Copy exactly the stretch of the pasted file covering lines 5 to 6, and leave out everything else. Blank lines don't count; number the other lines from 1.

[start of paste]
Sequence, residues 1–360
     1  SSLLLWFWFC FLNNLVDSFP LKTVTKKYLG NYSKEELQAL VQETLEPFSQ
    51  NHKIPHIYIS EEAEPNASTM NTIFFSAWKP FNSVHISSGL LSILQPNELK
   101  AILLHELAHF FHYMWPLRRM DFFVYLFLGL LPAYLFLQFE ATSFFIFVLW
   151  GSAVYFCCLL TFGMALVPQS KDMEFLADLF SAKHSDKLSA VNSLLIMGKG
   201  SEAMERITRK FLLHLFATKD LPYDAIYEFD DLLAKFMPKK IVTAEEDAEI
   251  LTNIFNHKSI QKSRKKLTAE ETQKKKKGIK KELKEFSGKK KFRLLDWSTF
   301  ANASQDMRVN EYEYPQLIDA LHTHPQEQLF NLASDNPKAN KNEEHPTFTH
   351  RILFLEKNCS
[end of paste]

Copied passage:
   151  GSAVYFCCLL TFGMALVPQS KDMEFLADLF SAKHSDKLSA VNSLLIMGKG
   201  SEAMERITRK FLLHLFATKD LPYDAIYEFD DLLAKFMPKK IVTAEEDAEI